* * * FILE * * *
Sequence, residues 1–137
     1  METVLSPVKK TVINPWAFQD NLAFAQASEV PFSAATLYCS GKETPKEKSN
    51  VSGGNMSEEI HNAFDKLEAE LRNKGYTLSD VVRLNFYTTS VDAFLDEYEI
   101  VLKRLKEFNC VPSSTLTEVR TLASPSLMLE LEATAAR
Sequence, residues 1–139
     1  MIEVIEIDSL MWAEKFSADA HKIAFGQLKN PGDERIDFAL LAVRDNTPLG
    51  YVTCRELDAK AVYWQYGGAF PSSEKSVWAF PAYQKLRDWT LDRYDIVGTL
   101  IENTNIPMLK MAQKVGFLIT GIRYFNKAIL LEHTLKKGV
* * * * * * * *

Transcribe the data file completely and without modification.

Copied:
Sequence, residues 1–137
     1  METVLSPVKK TVINPWAFQD NLAFAQASEV PFSAATLYCS GKETPKEKSN
    51  VSGGNMSEEI HNAFDKLEAE LRNKGYTLSD VVRLNFYTTS VDAFLDEYEI
   101  VLKRLKEFNC VPSSTLTEVR TLASPSLMLE LEATAAR
Sequence, residues 1–139
     1  MIEVIEIDSL MWAEKFSADA HKIAFGQLKN PGDERIDFAL LAVRDNTPLG
    51  YVTCRELDAK AVYWQYGGAF PSSEKSVWAF PAYQKLRDWT LDRYDIVGTL
   101  IENTNIPMLK MAQKVGFLIT GIRYFNKAIL LEHTLKKGV